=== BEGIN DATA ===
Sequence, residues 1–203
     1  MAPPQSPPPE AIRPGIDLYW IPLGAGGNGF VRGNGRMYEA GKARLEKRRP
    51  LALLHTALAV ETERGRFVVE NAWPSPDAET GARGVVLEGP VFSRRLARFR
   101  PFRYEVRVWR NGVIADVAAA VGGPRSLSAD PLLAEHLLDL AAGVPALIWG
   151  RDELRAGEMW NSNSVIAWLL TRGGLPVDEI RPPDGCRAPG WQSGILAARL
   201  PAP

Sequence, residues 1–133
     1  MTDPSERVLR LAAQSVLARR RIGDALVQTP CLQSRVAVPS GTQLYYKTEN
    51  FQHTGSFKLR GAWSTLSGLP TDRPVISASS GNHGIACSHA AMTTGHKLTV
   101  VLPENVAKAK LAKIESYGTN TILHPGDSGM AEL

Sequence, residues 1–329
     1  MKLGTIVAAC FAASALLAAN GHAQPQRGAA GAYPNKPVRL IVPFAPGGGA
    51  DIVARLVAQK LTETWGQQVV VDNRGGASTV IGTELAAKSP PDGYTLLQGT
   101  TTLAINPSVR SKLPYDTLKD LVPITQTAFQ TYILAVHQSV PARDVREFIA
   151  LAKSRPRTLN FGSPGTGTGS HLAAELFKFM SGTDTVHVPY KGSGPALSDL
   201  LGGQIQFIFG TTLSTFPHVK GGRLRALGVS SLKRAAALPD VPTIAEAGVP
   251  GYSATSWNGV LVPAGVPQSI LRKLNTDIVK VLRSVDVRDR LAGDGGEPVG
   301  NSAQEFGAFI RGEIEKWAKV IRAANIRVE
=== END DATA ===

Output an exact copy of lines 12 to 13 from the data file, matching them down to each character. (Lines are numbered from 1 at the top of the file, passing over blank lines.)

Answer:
     1  MKLGTIVAAC FAASALLAAN GHAQPQRGAA GAYPNKPVRL IVPFAPGGGA
    51  DIVARLVAQK LTETWGQQVV VDNRGGASTV IGTELAAKSP PDGYTLLQGT